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The Mental Health System Response to Avian and Pandemic Influenza. Presented by: Division of Mental Health Services, NJ Department of Human Services. A Novel Threat: No Existing Models for Mental Health.

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The Mental Health System Response to Avian and Pandemic Influenza

Presented by: Division of Mental Health Services,

NJ Department of Human Services


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A Novel Threat: InfluenzaNo Existing Models for Mental Health

  • A comprehensive review of the literature yields no empirical studies addressing the behavioral or emotional consequences of avian or pandemic influenza.

  • The concepts used today to discuss mental health and behavior were not in existence during the last great pandemic.

  • The concepts discussed in this program are considered evidence-informed assumptions about the risk of a major avian influenza outbreak or pandemic, and the likely emotional and behavioral responses to such events.

New Jersey Division of Mental Health Services Disaster & Terrorism Branch


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New Findings Influenza

  • Recent research (“Redefining Readiness” & other studies) suggest that the general population may not react to a public health crisis in the manner anticipated by emergency management professionals.

  • This unanticipated behavior can:

    • Complicate pubic health and emergency medical responses;

    • Lead to greater physical harm for greater numbers of people;

    • Lead to higher rates of long-term mental health problems.

  • You can find the “Redefining Readiness” study at: http://www.cacsh.org/eptpp.html

New Jersey Division of Mental Health Services Disaster & Terrorism Branch


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Emotional Challenges Influenza

There are many emotional challenges that may face individuals and families during avian or pandemic influenza. These challenges are not limited to the medical impact of a disease outbreak, but include reactions to:

  • Organizational and governmental response.

  • The impact on society.

  • Personal and global economic disruption.

  • Pre-existing medical or mental health issues.

  • Separation from natural sources of support.

  • Loss of and grief for friends and/or family members.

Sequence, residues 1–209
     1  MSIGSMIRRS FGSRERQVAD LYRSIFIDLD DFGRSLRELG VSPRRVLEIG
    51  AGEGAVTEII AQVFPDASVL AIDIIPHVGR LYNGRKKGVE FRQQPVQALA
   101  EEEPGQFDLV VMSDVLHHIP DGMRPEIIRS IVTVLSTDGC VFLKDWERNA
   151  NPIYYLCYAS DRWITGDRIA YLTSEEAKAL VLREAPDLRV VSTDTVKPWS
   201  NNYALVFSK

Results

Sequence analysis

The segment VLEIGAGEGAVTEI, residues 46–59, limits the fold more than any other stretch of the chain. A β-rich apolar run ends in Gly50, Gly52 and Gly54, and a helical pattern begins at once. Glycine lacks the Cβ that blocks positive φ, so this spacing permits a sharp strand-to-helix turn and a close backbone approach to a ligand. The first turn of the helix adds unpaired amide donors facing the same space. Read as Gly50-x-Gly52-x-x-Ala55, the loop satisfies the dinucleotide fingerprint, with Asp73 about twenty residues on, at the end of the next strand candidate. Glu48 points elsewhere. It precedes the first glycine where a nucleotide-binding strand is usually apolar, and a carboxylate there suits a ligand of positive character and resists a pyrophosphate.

New Jersey Division of Mental Health Services Disaster & Terrorism Branch


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An Important Distinction Influenza

It is important to make a clear distinction between:

  • Behavioral implications,

    and

  • Emotional implications.

New Jersey Division of Mental Health Services Disaster & Terrorism Branch


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Behavioral Responses Influenza

Foreseeable behavioral responses may include:

  • Non-compliance with vaccination or medication orders.

  • Resisting travel restrictions.

  • Avoiding an area; evacuating a community.

  • Breaking quarantine and isolation.

  • Civil unrest or rioting.

  • Looting, theft and violence.

  • Increasing alcohol, tobacco and drug use.

New Jersey Division of Mental Health Services Disaster & Terrorism Branch


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Emotional Responses Influenza

Foreseeable emotional responses to a devastating pandemic would likely involve serious mental health problems such as:

  • Fear and anxiety.

  • Sadness and depression.

  • Increased rates of suicide.

  • Traumatic stress reactions.

  • Complicated grief and bereavement.

    Any and all of these mental health problems may occur in both the diagnostic and sub-diagnostic range.

New Jersey Division of Mental Health Services Disaster & Terrorism Branch


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Beyond Traumatic Stress Reactions Influenza

Public Health crises (i.e., SARS, pandemic influenza, etc.) also result in different responses that are not seen in natural or technological disasters. Those include: